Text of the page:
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Oil investor impatience grows over global surplus
[LONDON] Oil investors are growing increasingly disgruntled with the pace at which supply and demand are rebalancing, cutting their bullish bets and pushing the benchmark price to its biggest discount relative to future prices in nine months.
The premium of Brent crude futures for delivery in six months over those for prompt delivery, one measure of confidence in the market outlook, on Monday shot to its largest since February, the point at which Opec first floated the idea of a possible deal on output to erode a two-year-old global surplus.
The spread, or contango, is now at US$3.51 a barrel , up from US$2.30 at the end of September, when Opec announced its intention to strike a deal to cut production when it meets in Vienna later this month.
Generally, a widening in this spread can indicate one of two things: either investors have grown more pessimistic over the prospect of a rally in prices for prompt delivery, or they are more optimistic over the likelihood of a longer-term rally.
In this case, the prompt Brent contract has led the move, having fallen by 5.2 per cent since the end of September, compared with a fall of 2.6 per cent in the price of oil for delivery in six months.
"The increasing contango is really about the physical side of the market," SEB chief commodities strategist Bjarne Schieldrop said. "We've had an increase in inventories rather than a decrease that has coincided with refinery outages. It's not a pretty sight."
The most recent Reuters survey estimated Opec supply hit a record high of 33.82 million barrels per day (bpd) in October, up 130,000 bpd from September and up 2.2 million bpd from October last year.
Since announcing their intention to cut production to a range of 32.5 to 33 million bpd following a meeting in Algiers, the discord among the world's largest exporters has grown. Libya, Nigeria, Iraq and Iran have clamoured to be exempt from any reduction as they recover market share lost to civil unrest and, in the case of Tehran, international sanctions.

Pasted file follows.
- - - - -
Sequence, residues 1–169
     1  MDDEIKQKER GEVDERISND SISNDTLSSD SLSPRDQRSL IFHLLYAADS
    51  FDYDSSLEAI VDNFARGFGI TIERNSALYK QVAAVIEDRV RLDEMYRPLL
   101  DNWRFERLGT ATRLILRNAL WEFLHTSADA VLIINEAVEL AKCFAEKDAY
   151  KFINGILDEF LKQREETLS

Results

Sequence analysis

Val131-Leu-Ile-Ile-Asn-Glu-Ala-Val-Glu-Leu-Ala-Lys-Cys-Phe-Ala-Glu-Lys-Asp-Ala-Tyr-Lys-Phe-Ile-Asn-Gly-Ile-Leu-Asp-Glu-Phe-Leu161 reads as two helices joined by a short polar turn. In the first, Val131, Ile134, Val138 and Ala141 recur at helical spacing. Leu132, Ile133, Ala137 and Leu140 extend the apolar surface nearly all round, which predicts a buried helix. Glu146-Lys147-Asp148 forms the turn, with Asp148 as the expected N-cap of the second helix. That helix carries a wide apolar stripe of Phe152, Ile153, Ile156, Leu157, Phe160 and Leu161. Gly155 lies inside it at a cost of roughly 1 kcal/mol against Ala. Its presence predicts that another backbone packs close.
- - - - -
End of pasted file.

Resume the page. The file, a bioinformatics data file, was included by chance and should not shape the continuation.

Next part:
Those four already represent a third of OPEC output and an exemption would increase the pressure on Saudi Arabia and its Gulf neighbours to deliver the bulk of the cuts.
Highlighting the increasingly uphill battle to achieve consensus, Opec sources told Reuters last week that Saudi Arabia had warned it could raise output steeply if rival Iran refused to limit supply.
Despite Opec Secretary-General Mohammed Barkindo attempting to soothe concerns about the group's ability to cut meaningfully, oil prices are at their lowest in nearly two months, having unwound the gains made since late September.
"The problem in a nutshell is that too many members want higher prices without making any sacrifices and the market is losing patience," PVM Oil Associates analyst David Hufton said in a report on Monday. "Confidence in a successful Opec outcome has evaporated." Investors have cut their net long holdings of crude oil futures and options by around 100 million barrels in just two weeks.
Another question hangs over non-Opec members, specifically Russia, the world's largest producer of crude, and their willingness to join in an effort to freeze or cut output.
Russia set a new post-Soviet record high in October of 11.2 million bpd, underscoring the challenge the government might face in agreeing to freeze output.